Private land habitat

You make the difference

Minnesota habitat types and locationsLandowners are critical stewards of Minnesota's diverse habitats. Since privately owned land covers more than 75 percent of the state, thoughtful care of private land is an integral part of maintaining and improving our state's unique biodiversity.

Minnesota is richly diverse. Our habitats range from prairie to boreal forest and small, cold water streams to major continental rivers. These habitats provide homes for more than 2,000 native species of birds, mammals, reptiles, amphibians, fish, bees and butterflies. But increasing challenges from development, invasive species and climate change threaten both.

By managing your land for habitat, whether it’s your own backyard or the back forty, you can make a difference – today and for future generations.

Enhance your habitat

With the help of professionals and available resources, you can protect, restore and enhance your habitat.


One of the best places to begin caring for our state''s natural resources is in your own backyard. Through our yard care and landscaping choices, we can do their part to assure healthier habitats and cleaner lakes and rivers.

Backyard habitat can range from a simple deck with potted plants to an acre or more surrounding your home. Simple projects can provide homes for songbirds, squirrels, rabbits, frogs, toads, butterflies, bees, bats and more. 

Backyard habitat.

As owners of 40 percent of Minnesota’s forest, stewardship decisions can make a positive impact on the future health of and benefits of woodlands for decades to come.

Upland and wetland forest habitats include dry pine woodlands to tamarack swamps, providing homes for wildlife such as forest songbirds, ruffed grouse, white-tailed deer, black bear, fisher, and wild turkey.

Forest habitat.
Grassland (prairie & farmland)

Native prairie is one of North America's most endangered habitat types. Only a little over 1 percent remains in Minnesota. Prior to European settlement, more than 18 million acres of prairie, with its diverse species and habitats, covered the state. Landowners are encouraged to conserve and restore prairie, grassland and wetland habitats, especially within the Minnesota Prairie Conservation Plan core areas and corridors of western Minnesota.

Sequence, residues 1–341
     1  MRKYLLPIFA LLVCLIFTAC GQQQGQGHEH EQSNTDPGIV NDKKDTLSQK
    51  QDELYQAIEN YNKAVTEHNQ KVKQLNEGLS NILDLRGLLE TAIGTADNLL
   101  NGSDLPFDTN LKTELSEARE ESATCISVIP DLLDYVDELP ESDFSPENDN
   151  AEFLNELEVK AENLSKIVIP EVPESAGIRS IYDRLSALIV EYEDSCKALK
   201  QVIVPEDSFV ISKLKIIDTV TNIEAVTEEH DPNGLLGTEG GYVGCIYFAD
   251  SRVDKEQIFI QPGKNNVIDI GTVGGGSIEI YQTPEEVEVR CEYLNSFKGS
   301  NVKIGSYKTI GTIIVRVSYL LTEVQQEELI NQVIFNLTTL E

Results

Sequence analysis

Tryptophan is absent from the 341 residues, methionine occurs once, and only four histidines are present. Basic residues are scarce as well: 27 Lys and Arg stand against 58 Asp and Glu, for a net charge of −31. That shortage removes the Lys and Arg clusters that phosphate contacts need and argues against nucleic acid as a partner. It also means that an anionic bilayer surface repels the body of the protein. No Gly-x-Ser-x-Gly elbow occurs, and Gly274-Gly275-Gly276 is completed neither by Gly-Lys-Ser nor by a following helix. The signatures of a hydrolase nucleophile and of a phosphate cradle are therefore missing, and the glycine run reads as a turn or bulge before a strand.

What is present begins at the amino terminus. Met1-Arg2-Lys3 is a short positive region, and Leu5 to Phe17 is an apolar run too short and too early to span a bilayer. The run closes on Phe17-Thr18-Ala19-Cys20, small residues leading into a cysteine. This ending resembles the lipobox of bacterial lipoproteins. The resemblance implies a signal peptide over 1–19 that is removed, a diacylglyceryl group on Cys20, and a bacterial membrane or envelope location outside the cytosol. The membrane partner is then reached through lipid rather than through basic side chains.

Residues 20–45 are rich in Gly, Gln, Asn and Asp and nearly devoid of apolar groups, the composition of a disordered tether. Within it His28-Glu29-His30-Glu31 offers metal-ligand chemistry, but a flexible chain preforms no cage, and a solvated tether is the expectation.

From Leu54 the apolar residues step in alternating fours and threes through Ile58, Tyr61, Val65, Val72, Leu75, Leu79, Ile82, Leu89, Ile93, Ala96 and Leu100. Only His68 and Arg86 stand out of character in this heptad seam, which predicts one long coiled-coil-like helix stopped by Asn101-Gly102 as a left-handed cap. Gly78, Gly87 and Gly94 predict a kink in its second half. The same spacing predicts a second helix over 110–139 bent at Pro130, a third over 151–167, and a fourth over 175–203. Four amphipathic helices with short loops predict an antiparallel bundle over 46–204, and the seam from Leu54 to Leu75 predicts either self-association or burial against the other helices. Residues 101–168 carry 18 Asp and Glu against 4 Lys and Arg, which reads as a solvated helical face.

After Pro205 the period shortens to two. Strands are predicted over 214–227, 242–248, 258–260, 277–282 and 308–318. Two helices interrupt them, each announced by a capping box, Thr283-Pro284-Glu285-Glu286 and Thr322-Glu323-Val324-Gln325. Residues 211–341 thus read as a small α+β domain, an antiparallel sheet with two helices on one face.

Upland and wetland grassland habitats include dry to wet prairie, providing homes to wildlife such as songbirds, prairie chickens, pheasant, waterfowl, ground squirrels, pollinators, and butterflies.

Prairie habitat.
Shallow lake

Shallow lakes, characterized by aquatic plants and generally less than 15 feet deep, provides the most important wildlife habitat.

Although water quality often is degraded, lake outlets modified and exotic species rampant, landowners with shallow lakes can restore these basins and provide a critical wildlife habitat.

Contact the DNR's wildlife lake specialists for more information.

Shallow lake habitat.

A habitat rich in diversity can bring beauty to your shoreline, attract wildlife and pollinators as well as improve water quality.

Traditional lawns, while not particularly harmful, have few of the benefits of a more natural shoreline and often cause problems. Lawns are shallow rooted, provide little wildlife habitat, need frequent maintenance and are often over-fertilized.

Shoreland habitat.
Shrubland (parkland/brushland/savanna)

Habitats with scattered woody vegetation that are not forest and not prairie, such as aspen parklands, savanna and shrub swamp, may be less known, but are equally important. Oak savanna once covered nearly 5.5 million acres in Minnesota; today only 0.2 percent of those acres remain.

Upland and wetland shrubland habitats include savanna to open bog, providing homes to wildlife such as sharp-tailed grouse, red-headed woodpecker, loggerhead shrike, fox squirrel and elk.

Prairie habitat.

Shallow, sometimes temporary wetlands provide breeding habitat to amphibians and invertebrates as well as waterfowl in early spring. Leaving them intact and functional is appropriate. Draining or filling wetlands – or excavating a deep, open water pond in them – is discouraged and may violate regulations implemented to protect them.

There are numerous wetland habitat types in Minnesota. They include alder swamps, wet meadows, marshes and wet prairies.

Wetland habitat.


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